Carve out as much time as you need to visit Alfedena, in the province of L'Aquila, to savor the harmony and grace of its tiny alleys, stone houses, and attention to architectural details that will long remain in your heart. So will its location, some 900 metres above sea level at the foot of the Meta and Monte Greco massifs and on the two banks of the Rio Torto, connected by a bridge rebuilt in place of the destroyed Roman bridge.
You are in a very ancient territory inhabited for centuries by the Samnites, who founded the center with the original name of Aufidena, and who naturally made this land their cemetery. You can discover it with a short hike northward, before the confluence of the river, where it rises at Campo Consolino. This cliff has remains of the necropolis with megalithic walls and vestiges of buildings, an impressive area with more than fifteen thousand inhumation tombs dating from the 7th to 3rd B.C. and lined with stone slabs, often equipped with a storage room.
Everything that has been found, including armor, swords, spearheads, amber pendants, and ceramic pottery, you can admire at the town's Civic Archaeological Museum.
Immerse yourself in the delightful center with its maze of flint-paved alleys that thread their way between one house and another. It was made over time by the famous Alfedenese flint makers, who worked inside the flint quarries where, once the large boulders of lava had been broken up, they used to give a shape to the stone ("sampietrini", small in size; "bastardoni", poorly worked; "regarelle", parallelepiped-shaped; "cubetti", the most refined), according to their use. Thanks to their skill they were even called to Rome to adorn the capital's streets and squares, including St. Peter's.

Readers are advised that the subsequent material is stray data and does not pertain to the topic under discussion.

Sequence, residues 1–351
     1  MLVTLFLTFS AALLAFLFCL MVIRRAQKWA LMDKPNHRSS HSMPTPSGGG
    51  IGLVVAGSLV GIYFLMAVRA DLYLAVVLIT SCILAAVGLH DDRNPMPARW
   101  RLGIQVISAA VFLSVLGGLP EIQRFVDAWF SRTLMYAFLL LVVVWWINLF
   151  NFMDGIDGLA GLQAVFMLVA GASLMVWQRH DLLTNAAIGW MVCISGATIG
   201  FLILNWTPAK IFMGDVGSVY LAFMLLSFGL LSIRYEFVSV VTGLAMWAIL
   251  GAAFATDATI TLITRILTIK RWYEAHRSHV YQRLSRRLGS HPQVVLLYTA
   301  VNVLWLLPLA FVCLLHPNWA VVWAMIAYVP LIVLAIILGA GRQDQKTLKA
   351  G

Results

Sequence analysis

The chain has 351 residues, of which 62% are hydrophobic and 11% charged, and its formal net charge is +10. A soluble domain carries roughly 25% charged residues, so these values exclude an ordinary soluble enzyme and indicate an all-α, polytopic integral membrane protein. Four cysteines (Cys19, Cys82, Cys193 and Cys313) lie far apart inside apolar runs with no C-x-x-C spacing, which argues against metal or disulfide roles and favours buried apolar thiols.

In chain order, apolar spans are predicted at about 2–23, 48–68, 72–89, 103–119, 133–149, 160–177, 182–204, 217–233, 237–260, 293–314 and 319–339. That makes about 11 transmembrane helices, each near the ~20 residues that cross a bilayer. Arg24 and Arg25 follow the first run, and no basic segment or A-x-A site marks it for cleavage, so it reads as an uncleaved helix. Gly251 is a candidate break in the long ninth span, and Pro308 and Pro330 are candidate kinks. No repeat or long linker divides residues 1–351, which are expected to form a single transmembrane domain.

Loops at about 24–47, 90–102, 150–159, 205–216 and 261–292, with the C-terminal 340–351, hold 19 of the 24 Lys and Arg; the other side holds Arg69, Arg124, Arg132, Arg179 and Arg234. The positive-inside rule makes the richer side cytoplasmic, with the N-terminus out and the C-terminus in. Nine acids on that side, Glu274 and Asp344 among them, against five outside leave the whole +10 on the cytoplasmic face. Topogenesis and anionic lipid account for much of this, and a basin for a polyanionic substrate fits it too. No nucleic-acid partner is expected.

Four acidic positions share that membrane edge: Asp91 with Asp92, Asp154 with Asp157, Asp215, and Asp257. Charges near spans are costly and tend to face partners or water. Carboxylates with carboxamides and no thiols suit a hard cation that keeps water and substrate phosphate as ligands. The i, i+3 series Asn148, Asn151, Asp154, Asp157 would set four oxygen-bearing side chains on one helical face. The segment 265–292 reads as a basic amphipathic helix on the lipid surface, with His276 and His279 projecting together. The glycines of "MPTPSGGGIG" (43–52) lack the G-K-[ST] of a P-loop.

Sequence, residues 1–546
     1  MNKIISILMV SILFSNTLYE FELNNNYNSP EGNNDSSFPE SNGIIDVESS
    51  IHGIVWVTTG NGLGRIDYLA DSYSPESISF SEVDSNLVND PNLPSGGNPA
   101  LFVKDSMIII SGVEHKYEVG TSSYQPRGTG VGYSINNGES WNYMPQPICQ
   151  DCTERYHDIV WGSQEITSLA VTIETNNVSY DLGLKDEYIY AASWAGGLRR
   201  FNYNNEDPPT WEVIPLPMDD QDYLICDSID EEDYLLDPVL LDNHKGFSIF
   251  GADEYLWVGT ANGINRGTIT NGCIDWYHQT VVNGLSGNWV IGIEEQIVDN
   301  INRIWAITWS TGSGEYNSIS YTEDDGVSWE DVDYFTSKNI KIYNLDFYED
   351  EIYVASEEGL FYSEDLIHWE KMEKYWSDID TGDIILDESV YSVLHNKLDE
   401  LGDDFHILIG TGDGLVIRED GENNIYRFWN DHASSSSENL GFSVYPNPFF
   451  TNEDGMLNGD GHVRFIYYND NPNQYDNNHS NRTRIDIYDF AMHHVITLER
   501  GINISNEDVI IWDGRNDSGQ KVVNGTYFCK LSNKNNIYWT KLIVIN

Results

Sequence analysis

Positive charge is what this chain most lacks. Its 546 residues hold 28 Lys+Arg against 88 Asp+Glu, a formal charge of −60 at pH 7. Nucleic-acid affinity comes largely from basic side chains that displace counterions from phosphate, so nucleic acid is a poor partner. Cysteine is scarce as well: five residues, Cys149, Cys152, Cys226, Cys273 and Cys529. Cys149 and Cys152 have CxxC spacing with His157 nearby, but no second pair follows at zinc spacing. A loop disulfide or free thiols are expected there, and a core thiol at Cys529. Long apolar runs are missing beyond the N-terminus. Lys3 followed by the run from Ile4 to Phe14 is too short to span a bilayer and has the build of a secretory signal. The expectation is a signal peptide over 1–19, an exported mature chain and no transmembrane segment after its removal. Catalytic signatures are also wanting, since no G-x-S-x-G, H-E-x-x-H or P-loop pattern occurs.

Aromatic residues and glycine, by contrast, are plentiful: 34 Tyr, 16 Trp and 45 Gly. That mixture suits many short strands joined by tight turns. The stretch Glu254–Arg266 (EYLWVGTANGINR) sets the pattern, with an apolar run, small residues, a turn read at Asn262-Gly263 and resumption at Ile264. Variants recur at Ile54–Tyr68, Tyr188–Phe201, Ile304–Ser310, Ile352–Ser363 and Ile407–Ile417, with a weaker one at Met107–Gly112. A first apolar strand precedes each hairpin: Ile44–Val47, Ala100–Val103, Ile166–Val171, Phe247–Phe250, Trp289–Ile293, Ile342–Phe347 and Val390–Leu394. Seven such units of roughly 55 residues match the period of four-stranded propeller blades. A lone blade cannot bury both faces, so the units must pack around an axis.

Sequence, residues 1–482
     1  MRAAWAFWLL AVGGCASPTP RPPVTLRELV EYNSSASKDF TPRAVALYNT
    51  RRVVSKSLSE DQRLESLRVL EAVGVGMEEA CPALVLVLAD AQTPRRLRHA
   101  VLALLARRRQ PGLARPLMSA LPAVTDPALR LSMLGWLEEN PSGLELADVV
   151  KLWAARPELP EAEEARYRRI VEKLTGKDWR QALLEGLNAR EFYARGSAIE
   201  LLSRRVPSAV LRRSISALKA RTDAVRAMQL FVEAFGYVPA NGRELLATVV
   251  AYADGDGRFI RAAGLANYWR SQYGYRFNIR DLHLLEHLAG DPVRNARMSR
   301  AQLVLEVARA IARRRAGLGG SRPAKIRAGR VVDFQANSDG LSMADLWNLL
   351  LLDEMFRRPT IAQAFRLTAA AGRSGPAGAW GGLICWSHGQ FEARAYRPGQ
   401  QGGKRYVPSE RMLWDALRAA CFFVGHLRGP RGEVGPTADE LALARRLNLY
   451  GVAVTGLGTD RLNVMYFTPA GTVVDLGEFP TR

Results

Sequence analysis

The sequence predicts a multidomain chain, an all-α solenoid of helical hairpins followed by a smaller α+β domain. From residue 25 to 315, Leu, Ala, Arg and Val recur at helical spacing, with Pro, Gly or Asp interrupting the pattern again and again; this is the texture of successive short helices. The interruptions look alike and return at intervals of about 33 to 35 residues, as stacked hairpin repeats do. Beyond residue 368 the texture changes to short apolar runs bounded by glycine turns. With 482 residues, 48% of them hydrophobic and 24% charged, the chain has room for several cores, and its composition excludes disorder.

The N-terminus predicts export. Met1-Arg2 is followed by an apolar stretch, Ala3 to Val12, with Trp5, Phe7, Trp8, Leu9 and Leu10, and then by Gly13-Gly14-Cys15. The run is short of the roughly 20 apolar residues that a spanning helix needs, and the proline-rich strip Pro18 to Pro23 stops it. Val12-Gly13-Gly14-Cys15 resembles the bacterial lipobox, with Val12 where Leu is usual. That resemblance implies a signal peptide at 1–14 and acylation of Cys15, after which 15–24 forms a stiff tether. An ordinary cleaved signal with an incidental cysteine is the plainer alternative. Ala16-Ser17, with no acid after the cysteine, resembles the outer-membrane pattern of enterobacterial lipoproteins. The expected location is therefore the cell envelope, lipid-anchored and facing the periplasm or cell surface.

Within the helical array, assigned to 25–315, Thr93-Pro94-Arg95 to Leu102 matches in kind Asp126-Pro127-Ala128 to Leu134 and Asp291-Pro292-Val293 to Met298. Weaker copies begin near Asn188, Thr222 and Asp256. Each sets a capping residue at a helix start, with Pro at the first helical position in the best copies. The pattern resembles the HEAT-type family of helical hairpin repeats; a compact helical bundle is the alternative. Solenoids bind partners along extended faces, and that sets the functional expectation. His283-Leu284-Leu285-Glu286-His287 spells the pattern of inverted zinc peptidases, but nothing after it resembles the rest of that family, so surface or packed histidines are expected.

So go and see in the municipal villa - called the Botanical Garden by the University of Naples in the late 19th century, due to the presence of many botanical varieties - the monument dedicated to the golden-handed paving artisans, who of the pavements and cobblestones you walk on today, have made them pieces of history and art.
Visit the church of Saints Peter and Paul dating back to the 13th century and featuring a reconstructed, Romanesque-inspired facade that stands on a high flight of steps. Restored several times due to war damage, it nevertheless retains large mosaics on the facade and inside.
Fluidly, you move from culture to nature, organizing some of the hikes offered by the Abruzzo, Lazio and Molise National Park territory, such as the one to the Sangro Gorges, about two hours long going up the course of the river and entering the gorges, called La Foce by the locals. There are also numerous climbs starting in Alfedena to Mounts Meta and Metuccia and Monte a Mare.
After all this movement, if you are a lover of the gastronomy of tradition, "throw yourself" on the fried pizza (long, spiral fried tortillions, prepared with eggs, flour, yeast, rosemary, anise seeds, water and salt), which in ancient times was offered to all the inhabitants for the wedding of some villager. There is also "bride's soup" (meat broth with endive, fried pieces of bread, diced scamorza cheese and meatballs), which was instead prepared the day after the wedding.
The culinary dances continue with "lullitte e faciule" (small dumplings made of water and flour with beans), "cac'e ove" lamb, omelet with curatella (omelet with lamb livers), eaten on Easter Day, and, dulcis in fundo, "pezzelocchere" (bread dough with eggs, sugar, anise and lemon peel).
What else to see:
The acropolis and the city wall
The vestiges of the castle and the octagonal tower
The War Memorial